The killings come a day before the Coptic Church's Christmas, on January 7th. Security at churches is normally tightened in Egypt during this time. The attack happened in Minya, a city south of the country's capital Cairo.
A spokesman for Egypt's Interior Ministry has said the act was not based on religion, but on undermining security forces.
Hany Abdel Latif said: "(It) has nothing to do with any of the holidays of our Coptic brothers, it is instead aimed at the security forces, to try to undermine their resolve."
Around ten percent of Egypt's population are Coptic Christians, amounting to approximately 8.5 million people. Christians and Muslims have generally lived together peacefully in the country for hundreds of years.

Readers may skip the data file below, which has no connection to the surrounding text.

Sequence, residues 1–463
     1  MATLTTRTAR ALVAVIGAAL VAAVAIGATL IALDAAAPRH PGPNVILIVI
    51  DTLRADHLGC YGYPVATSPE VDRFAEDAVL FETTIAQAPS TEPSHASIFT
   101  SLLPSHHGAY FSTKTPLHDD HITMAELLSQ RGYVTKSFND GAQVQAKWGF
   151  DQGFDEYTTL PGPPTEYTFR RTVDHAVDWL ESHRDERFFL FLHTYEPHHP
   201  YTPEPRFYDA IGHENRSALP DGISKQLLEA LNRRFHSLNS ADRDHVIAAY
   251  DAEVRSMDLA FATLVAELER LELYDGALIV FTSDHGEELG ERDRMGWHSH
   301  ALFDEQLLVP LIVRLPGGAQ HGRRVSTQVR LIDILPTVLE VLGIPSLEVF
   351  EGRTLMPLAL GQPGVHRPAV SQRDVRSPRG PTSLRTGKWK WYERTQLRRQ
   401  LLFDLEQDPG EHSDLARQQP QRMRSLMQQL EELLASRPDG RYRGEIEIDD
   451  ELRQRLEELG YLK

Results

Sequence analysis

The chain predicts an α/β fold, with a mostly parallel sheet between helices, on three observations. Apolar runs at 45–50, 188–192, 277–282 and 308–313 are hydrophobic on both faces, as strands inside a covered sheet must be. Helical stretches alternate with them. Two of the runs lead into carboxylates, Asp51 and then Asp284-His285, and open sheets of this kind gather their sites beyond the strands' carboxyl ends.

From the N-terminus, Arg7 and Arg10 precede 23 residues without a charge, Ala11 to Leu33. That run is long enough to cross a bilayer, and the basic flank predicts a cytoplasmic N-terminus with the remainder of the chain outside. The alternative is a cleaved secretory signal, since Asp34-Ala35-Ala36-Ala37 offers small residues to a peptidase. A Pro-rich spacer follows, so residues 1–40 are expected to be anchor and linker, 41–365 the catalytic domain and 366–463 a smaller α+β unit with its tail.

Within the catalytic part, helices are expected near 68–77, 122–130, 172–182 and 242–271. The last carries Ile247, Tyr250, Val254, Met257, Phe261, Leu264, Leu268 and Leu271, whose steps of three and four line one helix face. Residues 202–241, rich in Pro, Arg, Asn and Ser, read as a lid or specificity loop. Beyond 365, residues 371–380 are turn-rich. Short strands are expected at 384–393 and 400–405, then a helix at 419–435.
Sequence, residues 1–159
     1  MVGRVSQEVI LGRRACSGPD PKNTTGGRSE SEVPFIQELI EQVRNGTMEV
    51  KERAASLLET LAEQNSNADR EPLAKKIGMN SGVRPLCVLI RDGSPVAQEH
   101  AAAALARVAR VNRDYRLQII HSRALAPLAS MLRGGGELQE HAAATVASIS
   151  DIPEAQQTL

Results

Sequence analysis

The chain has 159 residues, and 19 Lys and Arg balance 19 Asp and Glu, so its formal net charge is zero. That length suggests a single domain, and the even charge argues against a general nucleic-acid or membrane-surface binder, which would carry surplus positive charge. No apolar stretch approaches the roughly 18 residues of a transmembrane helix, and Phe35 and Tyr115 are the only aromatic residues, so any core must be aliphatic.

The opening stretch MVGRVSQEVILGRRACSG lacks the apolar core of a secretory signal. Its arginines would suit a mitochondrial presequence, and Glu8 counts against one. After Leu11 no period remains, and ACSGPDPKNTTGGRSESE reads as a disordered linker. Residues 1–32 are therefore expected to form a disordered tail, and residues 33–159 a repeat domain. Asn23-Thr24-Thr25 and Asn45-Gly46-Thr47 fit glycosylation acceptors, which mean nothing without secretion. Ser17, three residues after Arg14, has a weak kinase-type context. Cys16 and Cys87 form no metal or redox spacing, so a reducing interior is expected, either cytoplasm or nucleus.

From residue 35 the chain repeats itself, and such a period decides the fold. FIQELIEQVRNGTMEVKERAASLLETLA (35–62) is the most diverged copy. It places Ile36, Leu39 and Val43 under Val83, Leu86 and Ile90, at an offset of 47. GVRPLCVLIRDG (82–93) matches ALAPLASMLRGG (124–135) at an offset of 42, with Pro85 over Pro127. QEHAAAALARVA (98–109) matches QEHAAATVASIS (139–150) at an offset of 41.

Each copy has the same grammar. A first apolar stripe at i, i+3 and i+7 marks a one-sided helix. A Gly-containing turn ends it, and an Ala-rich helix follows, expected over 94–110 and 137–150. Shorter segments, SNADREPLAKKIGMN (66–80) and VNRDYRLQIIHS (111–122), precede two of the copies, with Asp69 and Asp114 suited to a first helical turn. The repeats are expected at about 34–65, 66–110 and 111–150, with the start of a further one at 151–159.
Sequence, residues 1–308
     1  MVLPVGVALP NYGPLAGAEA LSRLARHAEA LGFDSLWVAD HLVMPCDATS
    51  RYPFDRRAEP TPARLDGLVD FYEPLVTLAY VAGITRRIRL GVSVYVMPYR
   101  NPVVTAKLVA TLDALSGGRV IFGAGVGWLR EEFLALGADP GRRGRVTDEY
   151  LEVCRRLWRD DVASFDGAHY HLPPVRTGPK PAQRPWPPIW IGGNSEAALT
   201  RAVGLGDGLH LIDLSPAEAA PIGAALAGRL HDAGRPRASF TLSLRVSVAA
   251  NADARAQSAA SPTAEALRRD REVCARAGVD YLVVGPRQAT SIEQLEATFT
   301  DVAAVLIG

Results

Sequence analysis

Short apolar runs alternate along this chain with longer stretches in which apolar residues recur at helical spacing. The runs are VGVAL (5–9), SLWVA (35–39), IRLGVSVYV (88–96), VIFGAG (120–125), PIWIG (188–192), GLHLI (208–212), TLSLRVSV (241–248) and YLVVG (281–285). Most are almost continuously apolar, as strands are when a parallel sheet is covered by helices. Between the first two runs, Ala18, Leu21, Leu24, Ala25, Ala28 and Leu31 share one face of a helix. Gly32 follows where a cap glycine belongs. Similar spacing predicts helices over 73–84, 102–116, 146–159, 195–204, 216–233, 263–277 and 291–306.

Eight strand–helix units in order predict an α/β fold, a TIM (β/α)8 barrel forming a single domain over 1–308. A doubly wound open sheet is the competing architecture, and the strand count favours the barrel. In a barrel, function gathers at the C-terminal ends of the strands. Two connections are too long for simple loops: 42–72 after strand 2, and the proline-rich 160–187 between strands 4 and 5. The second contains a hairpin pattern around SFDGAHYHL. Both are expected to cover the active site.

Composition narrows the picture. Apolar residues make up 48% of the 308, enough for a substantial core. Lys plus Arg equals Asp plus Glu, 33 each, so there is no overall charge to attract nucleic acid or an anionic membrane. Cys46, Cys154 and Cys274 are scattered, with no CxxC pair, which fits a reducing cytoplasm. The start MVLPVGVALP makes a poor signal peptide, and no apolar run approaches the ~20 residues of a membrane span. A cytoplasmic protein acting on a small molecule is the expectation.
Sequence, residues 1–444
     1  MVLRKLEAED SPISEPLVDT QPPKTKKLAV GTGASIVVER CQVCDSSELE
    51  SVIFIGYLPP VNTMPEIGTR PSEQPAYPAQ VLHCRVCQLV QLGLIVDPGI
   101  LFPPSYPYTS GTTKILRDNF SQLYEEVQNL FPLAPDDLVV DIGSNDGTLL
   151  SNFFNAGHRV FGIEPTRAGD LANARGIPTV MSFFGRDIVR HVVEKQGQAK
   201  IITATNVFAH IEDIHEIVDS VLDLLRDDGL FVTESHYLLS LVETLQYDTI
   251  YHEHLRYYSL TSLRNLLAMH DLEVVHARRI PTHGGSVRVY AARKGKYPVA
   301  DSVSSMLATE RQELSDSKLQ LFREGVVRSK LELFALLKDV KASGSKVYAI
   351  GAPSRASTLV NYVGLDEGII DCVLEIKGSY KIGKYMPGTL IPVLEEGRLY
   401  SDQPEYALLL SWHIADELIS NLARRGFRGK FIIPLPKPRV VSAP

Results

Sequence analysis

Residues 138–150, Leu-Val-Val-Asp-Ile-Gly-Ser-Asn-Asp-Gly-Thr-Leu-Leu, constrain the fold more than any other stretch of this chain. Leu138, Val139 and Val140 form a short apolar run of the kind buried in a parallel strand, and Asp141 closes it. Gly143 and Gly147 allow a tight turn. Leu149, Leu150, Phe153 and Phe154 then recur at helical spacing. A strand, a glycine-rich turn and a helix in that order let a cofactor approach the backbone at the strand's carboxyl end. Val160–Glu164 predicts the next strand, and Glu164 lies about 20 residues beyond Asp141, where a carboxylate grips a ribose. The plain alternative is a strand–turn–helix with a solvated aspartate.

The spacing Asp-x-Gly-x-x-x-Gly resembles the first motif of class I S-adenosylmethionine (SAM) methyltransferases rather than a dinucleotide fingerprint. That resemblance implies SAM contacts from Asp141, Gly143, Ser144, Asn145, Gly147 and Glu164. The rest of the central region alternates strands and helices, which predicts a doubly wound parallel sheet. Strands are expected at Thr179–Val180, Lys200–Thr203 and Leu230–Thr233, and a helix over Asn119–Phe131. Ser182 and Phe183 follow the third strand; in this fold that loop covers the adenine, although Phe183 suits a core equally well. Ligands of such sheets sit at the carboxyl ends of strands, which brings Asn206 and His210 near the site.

The first democratically-elected president of Egypt, Mohammad Morsi, was removed from power by the military following nationwide protests last year.
Since then, a number of churches and Christian properties were burned and destroyed in south of the country, which is poorer and home to many believers.
Mohammad Morsi's party, the Muslim Brotherhood, denies any involvement in Christian persecution there, saying the army was using attacks on Christians as an excuse to employ a fierce security crackdown.
Muslim extremists based in the Sinai area of Egypt also started killing hundreds of soldiers and policeman after Morsi was ousted.